Philosophical and haunting, Lois Lowry's Giver series is a thought-provoking trilogy that piques the interest of many young readers. The chapter books are social science fiction and fantasy novels that take readers through utopian to dystopian societies.
Social Science Fiction and The Giver Trilogy
Social science fiction is a splinter of science fiction that focuses on human behavior, relationships and sociological issues. The Giver trilogy encourages readers to reexamine their ideals through utopian and dystopian models. Utopian represents the ideal society that is free of disease and suffering. Dystopian represents a horrible, impoverished society.
The Worlds of Lois Lowry
The three books in Lois Lowry's Giver series take readers to very different futuristic places. Offering speculation about possible courses humans may take, the books are intriguing and disturbing. They are fascinating as well. Lowry uses simple language to convey complex concepts, which can make them high interest books for low level readers.
Imagine a futuristic world that is seemingly perfect; there is no poverty, no conflicts and no divorces. Everyone demonstrates good manners. Teens don't rebel, and family values are of the utmost importance. The utopian society is free of crime and disease. Each family has two children, one boy and one girl. For Jonas, the main character of The Giver, this world is quite real.
The problem is that there are also no memories in this society. People in this perfect world don't want to change. They don't want to make decisions, as these activities can disrupt the system. One person in the society keeps all memory of history, societies and individuals.
Jonas is a 12 year-old boy who has been assigned the life position of "Receiver of Memory," a highly respected job. As the Receiver, Jonas has to make decisions for everyone based on lessons he has learned from the past. The Giver is an unnamed man who passes the memories to him. Jonas takes in experiences through his five senses; all of the memories, and of the horrors unknown to him. He also learns of the beautiful things that are now absent from his world.
Imagine a futuristic world that is hostile and frightening. The society does not accept the weak and flawed. In this dystonia, a crippled, orphaned girl like Kira would be left to die, but she has a special talent that keeps her alive in this brutish world. She has a gift for embroidery which leads her to the important task of creating a ceremonial garment. The garment depicts the history of the world.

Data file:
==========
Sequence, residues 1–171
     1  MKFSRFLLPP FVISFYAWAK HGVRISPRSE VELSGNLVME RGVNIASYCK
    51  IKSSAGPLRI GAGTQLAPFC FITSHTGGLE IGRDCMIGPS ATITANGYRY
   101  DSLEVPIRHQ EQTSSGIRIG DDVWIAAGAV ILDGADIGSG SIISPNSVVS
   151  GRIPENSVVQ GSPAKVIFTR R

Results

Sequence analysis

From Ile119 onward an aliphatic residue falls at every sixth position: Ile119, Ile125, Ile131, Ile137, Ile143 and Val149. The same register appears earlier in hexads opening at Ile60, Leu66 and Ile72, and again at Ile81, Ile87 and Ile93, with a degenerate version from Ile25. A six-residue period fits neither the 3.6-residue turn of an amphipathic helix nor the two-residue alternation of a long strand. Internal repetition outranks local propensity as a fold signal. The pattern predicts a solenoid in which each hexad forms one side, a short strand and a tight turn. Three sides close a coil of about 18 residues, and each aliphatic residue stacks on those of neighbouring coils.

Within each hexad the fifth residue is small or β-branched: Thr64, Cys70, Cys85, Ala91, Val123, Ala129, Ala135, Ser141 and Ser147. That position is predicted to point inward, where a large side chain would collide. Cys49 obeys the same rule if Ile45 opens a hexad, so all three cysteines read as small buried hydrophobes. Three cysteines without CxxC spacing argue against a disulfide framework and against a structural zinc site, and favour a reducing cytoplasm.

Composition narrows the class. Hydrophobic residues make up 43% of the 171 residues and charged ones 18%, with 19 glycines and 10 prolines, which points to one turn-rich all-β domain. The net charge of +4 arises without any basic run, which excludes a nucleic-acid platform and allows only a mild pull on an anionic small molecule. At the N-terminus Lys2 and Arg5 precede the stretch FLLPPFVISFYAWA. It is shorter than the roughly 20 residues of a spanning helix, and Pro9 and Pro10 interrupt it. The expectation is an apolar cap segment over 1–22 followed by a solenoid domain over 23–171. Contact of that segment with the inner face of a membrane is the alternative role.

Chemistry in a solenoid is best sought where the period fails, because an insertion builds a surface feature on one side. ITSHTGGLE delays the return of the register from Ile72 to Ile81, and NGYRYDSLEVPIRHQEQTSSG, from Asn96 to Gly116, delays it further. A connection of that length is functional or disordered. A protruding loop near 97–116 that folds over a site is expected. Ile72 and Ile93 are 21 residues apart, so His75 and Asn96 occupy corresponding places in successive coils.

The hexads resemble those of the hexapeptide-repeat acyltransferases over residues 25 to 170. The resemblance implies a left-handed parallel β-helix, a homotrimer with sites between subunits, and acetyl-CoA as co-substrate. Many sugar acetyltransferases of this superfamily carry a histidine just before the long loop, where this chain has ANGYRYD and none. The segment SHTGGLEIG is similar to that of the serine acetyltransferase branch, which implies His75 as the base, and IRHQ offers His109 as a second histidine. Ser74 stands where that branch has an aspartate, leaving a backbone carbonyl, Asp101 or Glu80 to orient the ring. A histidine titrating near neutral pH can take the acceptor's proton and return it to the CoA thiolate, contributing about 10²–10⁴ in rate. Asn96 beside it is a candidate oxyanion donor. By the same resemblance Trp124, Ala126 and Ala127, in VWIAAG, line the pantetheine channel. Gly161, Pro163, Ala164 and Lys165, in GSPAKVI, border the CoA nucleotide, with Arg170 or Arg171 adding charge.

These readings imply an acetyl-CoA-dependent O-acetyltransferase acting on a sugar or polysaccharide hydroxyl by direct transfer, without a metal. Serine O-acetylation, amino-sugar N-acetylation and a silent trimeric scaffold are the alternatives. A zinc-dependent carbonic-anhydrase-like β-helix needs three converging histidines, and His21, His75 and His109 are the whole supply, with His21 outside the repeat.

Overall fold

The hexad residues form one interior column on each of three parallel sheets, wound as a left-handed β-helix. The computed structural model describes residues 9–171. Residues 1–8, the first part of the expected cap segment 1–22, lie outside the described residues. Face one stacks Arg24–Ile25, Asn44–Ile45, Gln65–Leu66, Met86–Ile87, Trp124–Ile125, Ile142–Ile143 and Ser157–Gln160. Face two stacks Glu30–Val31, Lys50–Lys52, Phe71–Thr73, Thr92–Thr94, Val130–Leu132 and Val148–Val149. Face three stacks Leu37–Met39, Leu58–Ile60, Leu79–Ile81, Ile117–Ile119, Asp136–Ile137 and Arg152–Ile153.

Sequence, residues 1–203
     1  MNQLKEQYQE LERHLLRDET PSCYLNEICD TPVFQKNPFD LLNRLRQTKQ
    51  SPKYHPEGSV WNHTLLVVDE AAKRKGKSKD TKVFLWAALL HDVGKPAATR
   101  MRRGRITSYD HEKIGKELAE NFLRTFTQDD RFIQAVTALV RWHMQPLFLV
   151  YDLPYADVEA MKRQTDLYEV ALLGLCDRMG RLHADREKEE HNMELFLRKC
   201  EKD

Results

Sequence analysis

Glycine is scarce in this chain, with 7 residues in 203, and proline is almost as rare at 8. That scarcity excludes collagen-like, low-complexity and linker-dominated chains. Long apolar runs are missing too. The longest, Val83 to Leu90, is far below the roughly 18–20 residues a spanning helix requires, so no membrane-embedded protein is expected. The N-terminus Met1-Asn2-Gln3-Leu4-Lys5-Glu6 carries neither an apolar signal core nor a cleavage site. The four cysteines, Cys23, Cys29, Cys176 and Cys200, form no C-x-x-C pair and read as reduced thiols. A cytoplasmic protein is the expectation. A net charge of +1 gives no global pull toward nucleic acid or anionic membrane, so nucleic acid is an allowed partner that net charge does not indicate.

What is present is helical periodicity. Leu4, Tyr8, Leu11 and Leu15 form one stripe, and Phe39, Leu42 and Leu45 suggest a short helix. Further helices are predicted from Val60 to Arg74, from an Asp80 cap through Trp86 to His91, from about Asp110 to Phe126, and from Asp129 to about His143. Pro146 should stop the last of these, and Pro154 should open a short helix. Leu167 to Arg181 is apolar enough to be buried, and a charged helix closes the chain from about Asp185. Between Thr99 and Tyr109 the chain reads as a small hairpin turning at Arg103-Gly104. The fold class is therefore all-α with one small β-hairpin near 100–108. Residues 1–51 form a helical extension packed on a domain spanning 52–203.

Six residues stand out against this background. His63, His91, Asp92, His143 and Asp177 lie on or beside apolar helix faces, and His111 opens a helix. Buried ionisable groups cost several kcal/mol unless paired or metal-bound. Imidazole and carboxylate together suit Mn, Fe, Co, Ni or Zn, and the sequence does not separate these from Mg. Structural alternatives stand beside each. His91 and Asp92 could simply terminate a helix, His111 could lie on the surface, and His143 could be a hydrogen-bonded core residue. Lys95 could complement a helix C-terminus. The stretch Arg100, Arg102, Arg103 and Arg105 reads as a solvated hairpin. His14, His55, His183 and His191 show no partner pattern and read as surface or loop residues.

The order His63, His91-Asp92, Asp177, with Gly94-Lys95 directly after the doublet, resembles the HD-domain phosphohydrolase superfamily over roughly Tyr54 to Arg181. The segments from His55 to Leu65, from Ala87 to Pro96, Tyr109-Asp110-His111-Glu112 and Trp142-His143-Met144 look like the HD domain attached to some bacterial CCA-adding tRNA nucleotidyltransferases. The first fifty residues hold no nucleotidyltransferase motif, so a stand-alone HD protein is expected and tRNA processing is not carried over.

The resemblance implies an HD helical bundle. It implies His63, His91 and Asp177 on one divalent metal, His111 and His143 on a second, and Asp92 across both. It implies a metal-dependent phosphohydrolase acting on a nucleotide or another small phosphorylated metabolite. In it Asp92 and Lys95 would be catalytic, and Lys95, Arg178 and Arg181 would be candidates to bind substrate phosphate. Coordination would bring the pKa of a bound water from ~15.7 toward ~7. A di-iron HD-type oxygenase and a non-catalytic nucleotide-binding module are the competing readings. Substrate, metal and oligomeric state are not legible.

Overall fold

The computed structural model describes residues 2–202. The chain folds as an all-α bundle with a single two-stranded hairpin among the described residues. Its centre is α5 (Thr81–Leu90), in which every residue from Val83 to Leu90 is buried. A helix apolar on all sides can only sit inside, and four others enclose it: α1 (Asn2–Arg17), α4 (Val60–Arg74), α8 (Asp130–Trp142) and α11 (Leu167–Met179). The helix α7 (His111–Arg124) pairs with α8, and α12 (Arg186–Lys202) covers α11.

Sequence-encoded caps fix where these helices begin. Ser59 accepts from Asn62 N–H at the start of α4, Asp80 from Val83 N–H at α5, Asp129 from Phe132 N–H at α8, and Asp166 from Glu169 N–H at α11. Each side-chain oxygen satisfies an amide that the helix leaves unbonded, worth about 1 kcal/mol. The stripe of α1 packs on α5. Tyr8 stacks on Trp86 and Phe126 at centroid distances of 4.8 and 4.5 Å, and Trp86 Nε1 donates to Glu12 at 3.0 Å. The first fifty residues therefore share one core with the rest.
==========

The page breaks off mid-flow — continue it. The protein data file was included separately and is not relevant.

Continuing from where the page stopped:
Gathering Blue is filled with symbolism, from the task of weaving to finding the color blue. Although it presents the polar opposite of the society represented in The Giver, the book does have subtle ties to the first book in the trilogy.
Messenger interweaves characters into Village, a place that takes in outcasts from other places. The inhabitants of Village are kind and friendly, and it is a simple society. Seer is an old blind man who has a gift for seeing what other people can't. He takes in Matty, a boy who hopes to be named Messenger when he is given his adult name.
The otherwise kind society has been infiltrated by something malevolent, and the inhabitants are losing their kindness. Village may become closed to outsiders, and Seer sends Matty to bring Kira (the main character from Gathering Blue) to the community before it closes.
The trilogy is loosely tied together, and each book can stand on its own. The Giver takes readers to a sterile, high-tech future, and Gathering Blue sends the reader to a primitive society, stripped of technology. Messenger takes the reader somewhere between; a utopia on the cusp of a dystopia.
The books aren't for everyone, and some reviews note that some events in Messenger are disturbing. The collection falls into the social science fiction, but Lowry does have other choices for readers. Number the Stars is an example of Lowry's other books that may interest readers. This books falls into the historical fiction genre, and it offers lessons about morality and friendship.
Lowry is a prolific writer who tackles complex topics using simple, yet intriguing, language. If you opt to introduce your child to Lois Lowry's Giver series or another selection of hers, you are opening a world of imagination.